Today’s Nutrition and Tomorrow’s Public Health: Challenges and Opportunities
Dominique J. Dubois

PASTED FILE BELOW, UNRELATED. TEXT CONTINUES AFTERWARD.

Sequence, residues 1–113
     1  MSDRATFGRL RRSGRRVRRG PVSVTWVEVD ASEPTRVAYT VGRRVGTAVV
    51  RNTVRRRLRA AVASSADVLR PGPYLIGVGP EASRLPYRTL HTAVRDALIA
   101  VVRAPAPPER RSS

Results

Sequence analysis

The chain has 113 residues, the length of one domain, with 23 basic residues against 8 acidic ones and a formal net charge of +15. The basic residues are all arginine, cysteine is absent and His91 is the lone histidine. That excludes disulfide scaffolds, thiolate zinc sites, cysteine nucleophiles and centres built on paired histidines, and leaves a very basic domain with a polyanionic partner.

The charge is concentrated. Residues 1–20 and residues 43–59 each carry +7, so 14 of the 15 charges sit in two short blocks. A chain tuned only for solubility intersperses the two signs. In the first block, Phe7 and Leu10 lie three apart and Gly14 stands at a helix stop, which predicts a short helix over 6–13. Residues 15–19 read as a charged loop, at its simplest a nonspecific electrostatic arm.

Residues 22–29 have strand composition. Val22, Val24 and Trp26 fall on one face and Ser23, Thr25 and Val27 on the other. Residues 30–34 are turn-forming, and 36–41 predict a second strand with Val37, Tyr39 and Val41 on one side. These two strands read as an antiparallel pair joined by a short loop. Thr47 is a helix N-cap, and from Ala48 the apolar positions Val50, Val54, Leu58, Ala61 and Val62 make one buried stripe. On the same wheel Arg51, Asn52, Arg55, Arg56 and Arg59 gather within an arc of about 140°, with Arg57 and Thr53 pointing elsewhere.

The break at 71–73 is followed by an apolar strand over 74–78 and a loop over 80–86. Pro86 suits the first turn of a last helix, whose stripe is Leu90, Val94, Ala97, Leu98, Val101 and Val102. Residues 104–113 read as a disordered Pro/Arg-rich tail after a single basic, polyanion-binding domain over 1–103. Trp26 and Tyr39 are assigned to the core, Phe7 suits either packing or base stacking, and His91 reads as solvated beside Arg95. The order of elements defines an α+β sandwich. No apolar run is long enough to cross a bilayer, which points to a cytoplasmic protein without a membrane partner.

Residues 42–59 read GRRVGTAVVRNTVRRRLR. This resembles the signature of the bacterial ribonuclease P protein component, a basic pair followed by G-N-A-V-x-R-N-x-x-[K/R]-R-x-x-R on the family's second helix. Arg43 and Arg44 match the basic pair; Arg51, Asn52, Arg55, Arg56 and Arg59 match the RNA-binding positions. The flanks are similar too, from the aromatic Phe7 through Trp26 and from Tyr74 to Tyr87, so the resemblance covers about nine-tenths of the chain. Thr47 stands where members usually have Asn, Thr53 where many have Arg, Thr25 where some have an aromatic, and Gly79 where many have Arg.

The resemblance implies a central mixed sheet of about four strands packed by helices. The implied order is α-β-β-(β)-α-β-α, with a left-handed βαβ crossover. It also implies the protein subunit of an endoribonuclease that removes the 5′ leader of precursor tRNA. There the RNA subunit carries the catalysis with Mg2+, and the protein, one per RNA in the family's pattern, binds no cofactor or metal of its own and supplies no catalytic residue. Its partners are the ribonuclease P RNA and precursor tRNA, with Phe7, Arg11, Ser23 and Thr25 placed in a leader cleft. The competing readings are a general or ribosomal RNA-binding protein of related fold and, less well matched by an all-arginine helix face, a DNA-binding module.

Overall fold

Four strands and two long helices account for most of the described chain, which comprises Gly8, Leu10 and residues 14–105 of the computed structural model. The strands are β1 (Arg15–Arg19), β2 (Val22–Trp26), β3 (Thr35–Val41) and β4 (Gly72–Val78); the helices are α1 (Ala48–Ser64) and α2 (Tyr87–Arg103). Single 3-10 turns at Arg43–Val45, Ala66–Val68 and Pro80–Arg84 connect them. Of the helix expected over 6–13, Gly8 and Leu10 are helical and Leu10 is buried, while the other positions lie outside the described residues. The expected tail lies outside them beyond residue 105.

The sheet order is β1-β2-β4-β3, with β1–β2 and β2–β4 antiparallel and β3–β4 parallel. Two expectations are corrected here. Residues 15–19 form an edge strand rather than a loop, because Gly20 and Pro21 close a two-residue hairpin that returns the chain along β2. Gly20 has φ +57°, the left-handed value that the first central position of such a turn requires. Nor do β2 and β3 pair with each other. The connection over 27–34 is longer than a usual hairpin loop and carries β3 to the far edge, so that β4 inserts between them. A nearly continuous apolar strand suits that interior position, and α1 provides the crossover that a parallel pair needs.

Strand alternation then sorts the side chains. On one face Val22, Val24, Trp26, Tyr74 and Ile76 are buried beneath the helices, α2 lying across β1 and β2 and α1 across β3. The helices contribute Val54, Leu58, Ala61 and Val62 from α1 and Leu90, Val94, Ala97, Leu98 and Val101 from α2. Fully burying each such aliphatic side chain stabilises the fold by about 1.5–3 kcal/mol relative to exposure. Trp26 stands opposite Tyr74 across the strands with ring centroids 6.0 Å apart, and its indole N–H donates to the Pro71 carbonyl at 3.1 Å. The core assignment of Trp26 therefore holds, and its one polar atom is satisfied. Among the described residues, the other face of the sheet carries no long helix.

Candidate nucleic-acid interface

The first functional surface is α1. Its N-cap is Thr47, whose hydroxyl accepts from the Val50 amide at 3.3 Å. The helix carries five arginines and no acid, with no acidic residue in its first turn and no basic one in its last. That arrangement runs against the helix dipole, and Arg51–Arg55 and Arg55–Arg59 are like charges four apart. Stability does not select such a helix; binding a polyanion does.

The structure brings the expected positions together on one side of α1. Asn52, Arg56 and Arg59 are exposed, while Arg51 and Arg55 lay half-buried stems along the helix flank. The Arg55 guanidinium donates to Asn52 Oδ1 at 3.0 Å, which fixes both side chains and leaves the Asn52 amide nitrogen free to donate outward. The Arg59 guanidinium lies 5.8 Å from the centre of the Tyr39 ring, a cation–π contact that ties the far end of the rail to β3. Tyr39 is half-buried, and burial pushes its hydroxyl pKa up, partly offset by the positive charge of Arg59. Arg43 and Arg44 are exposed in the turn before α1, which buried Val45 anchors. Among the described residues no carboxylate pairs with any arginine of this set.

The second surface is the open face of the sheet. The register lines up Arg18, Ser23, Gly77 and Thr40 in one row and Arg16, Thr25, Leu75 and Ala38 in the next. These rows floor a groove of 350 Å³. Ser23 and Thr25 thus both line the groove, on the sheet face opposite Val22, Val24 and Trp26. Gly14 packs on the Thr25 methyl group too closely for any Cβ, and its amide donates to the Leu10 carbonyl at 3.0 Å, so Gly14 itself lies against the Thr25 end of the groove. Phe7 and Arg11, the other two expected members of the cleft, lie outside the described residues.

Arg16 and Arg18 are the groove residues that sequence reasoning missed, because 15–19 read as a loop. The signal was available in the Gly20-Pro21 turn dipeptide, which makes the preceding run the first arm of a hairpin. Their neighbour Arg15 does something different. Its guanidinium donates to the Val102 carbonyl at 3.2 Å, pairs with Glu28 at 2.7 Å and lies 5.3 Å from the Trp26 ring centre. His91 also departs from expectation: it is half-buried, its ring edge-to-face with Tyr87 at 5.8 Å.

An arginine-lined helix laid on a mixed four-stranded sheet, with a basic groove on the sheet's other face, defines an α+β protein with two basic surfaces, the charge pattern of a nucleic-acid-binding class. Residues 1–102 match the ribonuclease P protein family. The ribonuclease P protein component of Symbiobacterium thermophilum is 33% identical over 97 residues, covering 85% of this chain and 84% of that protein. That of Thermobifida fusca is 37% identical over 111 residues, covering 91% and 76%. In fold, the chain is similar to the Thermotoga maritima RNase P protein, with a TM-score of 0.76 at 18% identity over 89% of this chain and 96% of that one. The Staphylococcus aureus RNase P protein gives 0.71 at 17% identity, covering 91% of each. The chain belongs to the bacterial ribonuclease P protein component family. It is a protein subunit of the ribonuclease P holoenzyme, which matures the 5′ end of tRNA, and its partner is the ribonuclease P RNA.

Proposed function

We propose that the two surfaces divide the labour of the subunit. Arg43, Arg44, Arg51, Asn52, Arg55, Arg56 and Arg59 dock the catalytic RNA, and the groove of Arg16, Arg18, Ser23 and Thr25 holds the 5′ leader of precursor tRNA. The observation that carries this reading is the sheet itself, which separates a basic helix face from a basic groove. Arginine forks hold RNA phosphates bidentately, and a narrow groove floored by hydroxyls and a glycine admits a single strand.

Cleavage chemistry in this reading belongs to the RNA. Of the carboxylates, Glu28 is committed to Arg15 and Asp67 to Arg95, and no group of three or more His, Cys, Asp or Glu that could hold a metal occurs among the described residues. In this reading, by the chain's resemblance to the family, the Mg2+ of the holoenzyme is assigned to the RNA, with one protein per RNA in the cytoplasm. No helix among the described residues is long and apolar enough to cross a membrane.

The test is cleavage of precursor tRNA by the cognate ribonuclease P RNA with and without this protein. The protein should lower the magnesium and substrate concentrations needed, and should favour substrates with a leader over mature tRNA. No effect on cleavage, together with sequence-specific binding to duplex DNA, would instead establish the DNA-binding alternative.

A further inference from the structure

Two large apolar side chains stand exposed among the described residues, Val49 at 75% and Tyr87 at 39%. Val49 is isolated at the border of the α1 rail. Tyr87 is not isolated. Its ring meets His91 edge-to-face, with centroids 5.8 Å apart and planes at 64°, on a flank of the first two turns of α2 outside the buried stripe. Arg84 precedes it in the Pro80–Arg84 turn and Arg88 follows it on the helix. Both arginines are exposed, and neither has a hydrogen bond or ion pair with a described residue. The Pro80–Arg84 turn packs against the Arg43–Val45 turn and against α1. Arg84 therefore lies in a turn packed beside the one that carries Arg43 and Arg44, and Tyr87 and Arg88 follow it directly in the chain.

At the dawn of the third millennium, we are confronted with a disturbing phenomenon: although global life expectancy still increases, this is not the case for healthy life expectancy! The explanation of this seemingly contradiction is mainly due to the rising prevalence of the new pandemia of chronic non-communicable diseases (NCDs). Even in low and middle income countries, the improvement in healthcare status and life expectancy is paralled by the increase of NCDs, as in all countries worldwide. Since the United Nations General Assembly held in New York in 2011, many publications have emphasized the close link between NCDs and nutrition. The NCDs epidemic forces us to reconsider the public health perspectives. Many governments, non-governmental organizations and other institutions are actively involved in educational nutrition programs and campaigns; however their efforts seldom obtain the results hoped for. It is extremely difficult to induce changes in lifestyle and behavior that have built up over a long period of time. However, it becomes urgent to adapt to our changing life-environment where traditional wisdom and intuitive choices are giving way to individual thinking and search for (often uncontrolled) information. This engenders a number of unprecedented challenges and it calls for a re-appraisal of the existing paradigms to achieve an adequate management of the upstream determinants of health instead of a (pre)dominant medical and hospital-centric approach. In the era of personalized healthcare, it is time to empower policy makers, professionals and citizens for achieving an evidence-based change in the health-disease interface and decision-making process for public health interventions. The scientific and professional society Health Technology Assessment International (HTAi) has recognized nutrition as a health technology by creating a Interest Group (IG) dedicated to research on methodologies and assessments of nutrition-related public health, while taking into account contextual factors (ethical, legal, social, organizational, economic, ...) in order to generate meaningful outcomes for establishing evidence-based health policies. This Research Topic aims to elaborate on some of the potential hurdles which have to be overcome for the sake of sustainable healthcare provisions anywhere in the world, such as shortcomings in methodological approaches, regulatory frameworks, gaps between evidence, its hierarchy and final recommendations for public health management.